Motl Gartsman was born in 1909 in Berdichev, in a Jewish family. He was one of many siblings. Inspired by the lyrics of Jewish songs, Motl began to write poetry at an early age. After finishing school, Gartsman moved to Odessa, where he completed his studies at a pedagogical technikum.
Motl's first poems were published when he was fifteen.
In 1929, Motl Gartsman enrolled in the Jewish section of the Literature Department of Moscow State University, where he studied for four years. At the time, this was still a legitimate field of study. Later, in 1938, this section would be abolished (along with many other Jewish educational programs), and the heads of the Literature Department would be accused of harboring "nationalist and Zionist sentiments."
In 1936, Motl completed his graduate studies at the Jewish Culture Institute in Kiev.
In the 1930s, the national cultures of the USSR were increasingly pressured to conform to the Stalinist model of culture, which was to be "national in its form, and socialist in its content." Writers were additionally required to adhere to the canons of socialist realism and extol the virtues of the new Soviet life. However, in the second half of the 1930s writers still had considerable latitude to explore the Jewish theme in a broader context, especially when it came to the classical Yiddish-language authors: Sholem Abramovich (Mendele Mocher Sforim), Sholem Aleichem, and Isaac Leib Peretz. Unsurprisingly, Gartsman dedicated a cycle of his poems to his favorite author, Sholem Aleichem.
Following the German invasion of the USSR in late June 1941, Motl Gartsman volunteered for frontline duty. In 1942, as an evacuee in Ufa (Bashkiria), he was called up for military service. After completing a course for paramedics in Ufa, he was given the rank of Junior Lieutenant of the Medical Service and dispatched to the front lines. There, he showed much courage: commanding a medical platoon, he saved the lives of many wounded soldiers. On December 3, 1943, Motl Gartsman was awarded the Order of the Red Star. He continued to write poetry during the war. His long poem "Der toyt-urteyl" ("The Death Sentence") was written while he was on active duty. Gartsman dreamed of relaunching his literary career by becoming a military correspondent. On December 15, 1943, Motl Gartsman was killed in action (or went missing in action, according to another version).
In 1948, Motl Gartsman's widow donated her husband's archive to Yehezkiel Dobrushin, a member of the Jewish Anti-Fascist Committee who was working on a series of articles on writers who had fought in the war.
That same year, Dobrushin was arrested and died in jail, and the entire archive vanished along with him. Gartsman published a total of 12 books, and some of his poems have been translated into Russian and Ukrainian.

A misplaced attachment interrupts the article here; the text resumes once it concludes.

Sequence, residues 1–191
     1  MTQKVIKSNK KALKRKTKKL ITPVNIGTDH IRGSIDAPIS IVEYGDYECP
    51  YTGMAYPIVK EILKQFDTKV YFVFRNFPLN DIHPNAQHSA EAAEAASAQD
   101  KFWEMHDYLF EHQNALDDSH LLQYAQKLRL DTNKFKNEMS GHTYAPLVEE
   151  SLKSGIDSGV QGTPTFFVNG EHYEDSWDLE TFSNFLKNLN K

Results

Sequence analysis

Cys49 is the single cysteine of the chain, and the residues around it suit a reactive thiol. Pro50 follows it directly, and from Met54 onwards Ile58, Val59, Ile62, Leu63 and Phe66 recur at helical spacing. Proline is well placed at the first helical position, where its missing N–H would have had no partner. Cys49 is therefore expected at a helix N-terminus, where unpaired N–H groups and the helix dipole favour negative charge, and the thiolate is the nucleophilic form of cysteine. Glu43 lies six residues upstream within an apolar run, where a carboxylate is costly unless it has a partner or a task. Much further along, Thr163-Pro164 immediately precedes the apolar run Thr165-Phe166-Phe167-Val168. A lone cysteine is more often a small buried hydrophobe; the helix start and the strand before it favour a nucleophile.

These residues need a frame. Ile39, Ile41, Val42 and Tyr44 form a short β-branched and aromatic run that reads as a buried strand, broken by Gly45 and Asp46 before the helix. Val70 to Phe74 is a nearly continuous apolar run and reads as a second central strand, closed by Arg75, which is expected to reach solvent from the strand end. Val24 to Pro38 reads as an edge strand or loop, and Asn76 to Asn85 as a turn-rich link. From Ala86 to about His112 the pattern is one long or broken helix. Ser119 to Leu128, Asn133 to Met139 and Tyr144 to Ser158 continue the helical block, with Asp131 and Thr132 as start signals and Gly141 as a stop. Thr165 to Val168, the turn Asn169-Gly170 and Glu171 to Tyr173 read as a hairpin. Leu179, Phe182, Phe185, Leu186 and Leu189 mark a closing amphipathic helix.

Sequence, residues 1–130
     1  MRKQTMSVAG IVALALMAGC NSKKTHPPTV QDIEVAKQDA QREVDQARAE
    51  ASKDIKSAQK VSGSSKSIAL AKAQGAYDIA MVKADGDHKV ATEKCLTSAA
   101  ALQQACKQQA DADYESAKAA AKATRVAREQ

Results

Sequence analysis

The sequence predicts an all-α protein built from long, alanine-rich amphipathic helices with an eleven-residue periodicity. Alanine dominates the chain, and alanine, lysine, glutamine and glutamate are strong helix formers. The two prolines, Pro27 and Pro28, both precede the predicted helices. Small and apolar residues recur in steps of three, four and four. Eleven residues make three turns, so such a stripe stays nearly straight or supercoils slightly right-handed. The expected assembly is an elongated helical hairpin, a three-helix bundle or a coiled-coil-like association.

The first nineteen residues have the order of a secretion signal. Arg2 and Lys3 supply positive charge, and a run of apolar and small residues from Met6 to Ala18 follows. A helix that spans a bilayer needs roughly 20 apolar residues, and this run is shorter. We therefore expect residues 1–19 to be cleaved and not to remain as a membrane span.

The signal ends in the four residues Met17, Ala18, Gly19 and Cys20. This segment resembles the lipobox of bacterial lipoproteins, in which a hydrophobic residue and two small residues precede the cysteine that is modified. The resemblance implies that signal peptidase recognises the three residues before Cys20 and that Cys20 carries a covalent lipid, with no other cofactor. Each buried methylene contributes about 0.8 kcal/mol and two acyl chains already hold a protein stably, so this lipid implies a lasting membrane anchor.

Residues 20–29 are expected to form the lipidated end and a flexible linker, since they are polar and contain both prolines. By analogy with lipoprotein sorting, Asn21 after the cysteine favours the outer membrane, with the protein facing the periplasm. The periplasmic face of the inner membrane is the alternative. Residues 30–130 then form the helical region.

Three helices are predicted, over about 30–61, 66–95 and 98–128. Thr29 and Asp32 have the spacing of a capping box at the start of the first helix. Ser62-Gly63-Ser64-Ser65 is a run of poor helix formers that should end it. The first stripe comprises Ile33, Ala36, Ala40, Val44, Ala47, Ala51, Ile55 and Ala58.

A Letter from Motl Gartsman to David Bergelson, Yehezkiel Dobrushin, Aron Kushnirov, and Shmuel Halkin
Dear Comrades Bergelson, Dobrushin, Kushnirov, Halkin, and all the others. I sent three poems about Ukraine and the people to Eynikayt. Have you received them yet? Have they appeared in the newspaper? If they have, I would insistently ask you to send me the issue with the poems. I am currently working for the frontline troops, and all my thoughts go with you. My fondest wish is to compose an epic poem about the heroism of the Jewish people in the Patriotic War – but, alas, there is simply no way for me to write it. I have gathered extensive materials for this project. I serve as a field medic. If I were allowed to work for the Army like all of my fellow writers, I should be able to discharge my duty to literature and to my people. I ask you to help me to once again become a poet, so that I could give all my strength to the Soviet people, and to my own Jewish people. I have drawn up plans for poems (both lyric and epic ones) and for a heroic verse drama aimed at young adults. Here is a little background about myself: I have been nominated for the Order of the Red Star. Despite have been declared dead twice, I still live and breathe. I became a Communist while in the Army, and am now a Party member. This is my brief resume.
I am hoping for a prompt reply, my dear fellow writers. Send my request to the following address: Military Mail 72536 s., for literary work. I have been promised that my request will be granted, given the respect accorded to my work.
With heartfelt greetings to you all, my dear comrades.
- 1. GARF 8114-1-1056 p. 15